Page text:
Long rumbling argument over Google tracking Safari users results in mass civil lawsuit against the firm
Google is facing a legal headache in the UK after a long running argument over the collection of data has resulted in a large scale ‘representative action’ (or lawsuit) against the firm.
The action is supported by the law firm Mishcon de Reya, who specialise in large scale litigation and campaigns, and the group behind it is called ‘Google You Owe Us‘.
The action comes after years of legal manovering after the Court of Appeal in the UK ruled in 2015 that UK users of Safari were able to sue Google.
The dispute centres over whether Google allegedly misused Safari’s security settings in order to track user activity between September 2011 and February 2012.
In 2013 Google had to pay a $17 million (£10.5m) settlement to 37 US states to resolve the allegations the company violated consumer privacy by using tracking cookies.
Safari is designed to block tracking but default, but Google apparently bypassed this feature (the so called ‘Safari Workaround’) to place cookies that gathered information on users and their habits so the search giant could deliver more targeted adverts.
Against The Law?
The lawsuit filed on 30 November 2017 by Google You Owe Us is led by former executive director of Which?, Richard Lloyd.
It seeks to gain compensation for the millions of people across the UK who are believed to have had their personal information collected by Google. The group alleges that roughly 5.4 million individuals were affected between 2011 and 2012, and could now be eligible for compensation.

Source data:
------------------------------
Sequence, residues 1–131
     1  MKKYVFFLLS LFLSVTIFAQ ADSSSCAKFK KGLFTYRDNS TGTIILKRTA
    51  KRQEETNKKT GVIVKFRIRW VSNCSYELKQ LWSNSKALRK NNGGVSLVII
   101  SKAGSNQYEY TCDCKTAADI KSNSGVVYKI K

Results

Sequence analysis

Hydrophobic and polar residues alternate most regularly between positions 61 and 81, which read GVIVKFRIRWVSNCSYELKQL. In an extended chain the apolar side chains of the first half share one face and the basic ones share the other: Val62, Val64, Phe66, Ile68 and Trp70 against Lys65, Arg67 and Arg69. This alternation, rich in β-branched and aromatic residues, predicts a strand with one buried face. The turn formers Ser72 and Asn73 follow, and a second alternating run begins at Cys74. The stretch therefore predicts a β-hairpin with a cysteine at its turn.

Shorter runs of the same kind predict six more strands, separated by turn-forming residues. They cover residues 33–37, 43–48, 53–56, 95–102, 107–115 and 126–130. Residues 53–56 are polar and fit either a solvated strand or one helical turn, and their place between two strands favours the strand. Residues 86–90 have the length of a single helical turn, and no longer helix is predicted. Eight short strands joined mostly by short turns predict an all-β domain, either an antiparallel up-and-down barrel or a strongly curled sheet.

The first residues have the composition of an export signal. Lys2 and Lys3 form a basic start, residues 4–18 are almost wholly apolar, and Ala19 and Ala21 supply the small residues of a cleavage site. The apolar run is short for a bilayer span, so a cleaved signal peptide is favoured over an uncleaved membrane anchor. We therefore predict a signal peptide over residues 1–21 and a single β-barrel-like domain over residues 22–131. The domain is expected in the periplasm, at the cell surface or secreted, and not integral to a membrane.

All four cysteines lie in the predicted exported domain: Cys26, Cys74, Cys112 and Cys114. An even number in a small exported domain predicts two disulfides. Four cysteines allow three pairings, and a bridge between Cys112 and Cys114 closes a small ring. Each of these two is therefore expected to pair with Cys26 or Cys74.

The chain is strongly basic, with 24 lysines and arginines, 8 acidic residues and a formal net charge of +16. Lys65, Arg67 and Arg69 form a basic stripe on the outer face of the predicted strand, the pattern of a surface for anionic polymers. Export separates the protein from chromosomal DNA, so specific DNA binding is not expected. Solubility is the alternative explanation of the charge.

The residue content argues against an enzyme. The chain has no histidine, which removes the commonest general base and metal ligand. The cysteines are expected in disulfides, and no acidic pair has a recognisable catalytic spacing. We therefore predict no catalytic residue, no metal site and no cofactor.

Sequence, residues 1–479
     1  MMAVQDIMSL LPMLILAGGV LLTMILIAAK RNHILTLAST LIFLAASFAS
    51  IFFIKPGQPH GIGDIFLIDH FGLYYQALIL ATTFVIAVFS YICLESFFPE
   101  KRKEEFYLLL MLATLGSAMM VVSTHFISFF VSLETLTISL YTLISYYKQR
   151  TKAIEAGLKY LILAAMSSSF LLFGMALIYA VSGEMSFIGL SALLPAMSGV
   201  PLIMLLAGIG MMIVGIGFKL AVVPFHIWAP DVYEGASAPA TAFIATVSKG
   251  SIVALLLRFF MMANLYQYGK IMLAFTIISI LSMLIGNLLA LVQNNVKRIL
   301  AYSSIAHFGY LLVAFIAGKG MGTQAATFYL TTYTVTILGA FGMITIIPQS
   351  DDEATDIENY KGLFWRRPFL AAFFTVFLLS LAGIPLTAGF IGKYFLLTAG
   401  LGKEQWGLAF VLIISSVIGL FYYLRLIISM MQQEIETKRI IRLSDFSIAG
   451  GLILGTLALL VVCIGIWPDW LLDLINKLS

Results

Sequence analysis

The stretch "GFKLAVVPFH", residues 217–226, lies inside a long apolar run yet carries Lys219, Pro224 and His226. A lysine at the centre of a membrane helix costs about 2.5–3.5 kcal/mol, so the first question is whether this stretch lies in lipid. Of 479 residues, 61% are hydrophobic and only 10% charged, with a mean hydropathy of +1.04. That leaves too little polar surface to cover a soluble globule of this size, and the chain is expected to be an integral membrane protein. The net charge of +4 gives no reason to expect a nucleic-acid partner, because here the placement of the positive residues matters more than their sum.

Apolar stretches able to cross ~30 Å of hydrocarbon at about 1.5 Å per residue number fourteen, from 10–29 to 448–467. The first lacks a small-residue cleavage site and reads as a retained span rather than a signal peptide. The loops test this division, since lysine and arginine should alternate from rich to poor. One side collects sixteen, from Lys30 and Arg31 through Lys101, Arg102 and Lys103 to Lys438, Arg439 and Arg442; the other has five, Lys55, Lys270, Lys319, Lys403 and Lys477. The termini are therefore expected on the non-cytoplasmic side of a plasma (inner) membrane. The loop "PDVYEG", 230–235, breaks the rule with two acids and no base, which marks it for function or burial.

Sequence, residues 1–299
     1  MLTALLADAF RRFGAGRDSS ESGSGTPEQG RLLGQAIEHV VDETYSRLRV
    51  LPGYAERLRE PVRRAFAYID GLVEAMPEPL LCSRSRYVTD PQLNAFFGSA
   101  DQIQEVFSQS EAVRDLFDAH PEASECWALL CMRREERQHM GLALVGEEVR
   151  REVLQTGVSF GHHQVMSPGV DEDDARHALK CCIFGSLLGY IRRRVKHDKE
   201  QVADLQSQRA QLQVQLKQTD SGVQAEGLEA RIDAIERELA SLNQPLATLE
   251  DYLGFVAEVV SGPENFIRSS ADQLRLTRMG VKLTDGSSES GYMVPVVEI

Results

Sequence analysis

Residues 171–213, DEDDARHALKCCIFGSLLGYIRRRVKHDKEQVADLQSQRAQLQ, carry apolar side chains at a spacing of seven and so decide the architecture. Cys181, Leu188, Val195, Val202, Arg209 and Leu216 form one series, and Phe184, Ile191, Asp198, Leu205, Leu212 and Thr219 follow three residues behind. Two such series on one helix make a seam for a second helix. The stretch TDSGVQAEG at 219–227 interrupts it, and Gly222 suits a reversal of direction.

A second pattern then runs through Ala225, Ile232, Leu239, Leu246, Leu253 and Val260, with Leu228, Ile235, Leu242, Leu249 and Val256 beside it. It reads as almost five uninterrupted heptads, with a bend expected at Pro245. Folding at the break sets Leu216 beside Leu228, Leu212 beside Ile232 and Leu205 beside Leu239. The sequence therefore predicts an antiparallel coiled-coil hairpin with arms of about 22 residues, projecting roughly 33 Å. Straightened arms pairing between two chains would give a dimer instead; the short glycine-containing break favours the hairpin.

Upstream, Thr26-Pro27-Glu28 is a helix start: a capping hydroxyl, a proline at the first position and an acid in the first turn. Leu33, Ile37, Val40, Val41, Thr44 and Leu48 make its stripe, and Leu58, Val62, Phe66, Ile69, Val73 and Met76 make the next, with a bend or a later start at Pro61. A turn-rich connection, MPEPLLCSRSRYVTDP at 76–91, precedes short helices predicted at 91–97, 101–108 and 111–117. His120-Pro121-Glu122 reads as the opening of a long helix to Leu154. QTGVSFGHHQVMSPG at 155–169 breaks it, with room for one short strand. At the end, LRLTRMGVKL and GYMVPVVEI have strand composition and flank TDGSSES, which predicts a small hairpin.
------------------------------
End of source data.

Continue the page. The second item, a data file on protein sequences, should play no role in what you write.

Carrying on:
Google You Owe Us says that it believes that this mass data haul was against the law and a violation of trust.
“I believe that what Google did was quite simply against the law,” said Lloyd. “Their actions have affected millions, and we’ll be asking the courts to remedy this major breach of trust.”
“Through this action, we will send a strong message to Google and other tech giants in Silicon Valley that we’re not afraid to fight back if our laws are broken.
“In all my years speaking up for consumers, I’ve rarely seen such a massive abuse of trust where so many people have no way to seek redress on their own. That’s why I’ve taken on one of the biggest fights of my life in representing this legal action, which is the first case of its kind in the UK against a major tech company for misusing our valuable personal data.”
Lloyd stated that he wanted to “spread the word about our claim” to all those in England and Wales who had an iPhone in 2011 or 2012.
Claimants do not have to pay any legal fees, conduct any research or (at this stage) contact any lawyers. They are already part of the claim and will be updated on the progress of the claim through the website and social media.
It is thought the court case will be heard in the High Court in spring 2018.
“This is not new – we have defended similar cases before,” Google has told the BBC: “We don’t believe it has any merit and we will contest it.”
In 2012 Google also had to pay a $22.5 million (£14m) fine to the US Federal Trade Commission (FTC) for bypassing the privacy settings of Apple’s Safari browser.
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